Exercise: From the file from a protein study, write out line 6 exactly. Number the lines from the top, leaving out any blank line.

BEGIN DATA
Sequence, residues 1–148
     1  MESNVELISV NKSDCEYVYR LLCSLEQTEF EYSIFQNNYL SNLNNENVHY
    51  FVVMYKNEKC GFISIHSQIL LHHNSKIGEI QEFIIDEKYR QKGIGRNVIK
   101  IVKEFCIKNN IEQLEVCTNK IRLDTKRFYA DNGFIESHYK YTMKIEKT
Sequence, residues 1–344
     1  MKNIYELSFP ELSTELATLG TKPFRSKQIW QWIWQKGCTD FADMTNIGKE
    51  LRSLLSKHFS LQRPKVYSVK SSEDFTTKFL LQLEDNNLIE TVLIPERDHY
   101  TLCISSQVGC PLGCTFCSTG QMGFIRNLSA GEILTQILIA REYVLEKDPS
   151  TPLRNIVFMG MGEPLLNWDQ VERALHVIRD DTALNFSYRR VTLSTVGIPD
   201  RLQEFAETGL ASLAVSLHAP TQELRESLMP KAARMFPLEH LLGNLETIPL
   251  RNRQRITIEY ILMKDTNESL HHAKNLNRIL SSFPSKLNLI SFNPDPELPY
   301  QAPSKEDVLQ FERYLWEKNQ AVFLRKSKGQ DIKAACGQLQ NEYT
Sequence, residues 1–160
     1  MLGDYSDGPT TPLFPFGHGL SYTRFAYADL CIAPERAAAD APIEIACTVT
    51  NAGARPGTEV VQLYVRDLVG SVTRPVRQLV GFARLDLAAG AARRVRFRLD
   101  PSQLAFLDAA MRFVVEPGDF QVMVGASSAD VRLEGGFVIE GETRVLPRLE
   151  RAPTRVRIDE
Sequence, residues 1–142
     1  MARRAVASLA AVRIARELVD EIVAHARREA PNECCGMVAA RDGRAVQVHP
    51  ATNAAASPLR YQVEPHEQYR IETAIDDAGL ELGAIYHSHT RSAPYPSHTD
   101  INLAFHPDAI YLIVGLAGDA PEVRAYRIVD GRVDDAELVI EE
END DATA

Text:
     1  MKNIYELSFP ELSTELATLG TKPFRSKQIW QWIWQKGCTD FADMTNIGKE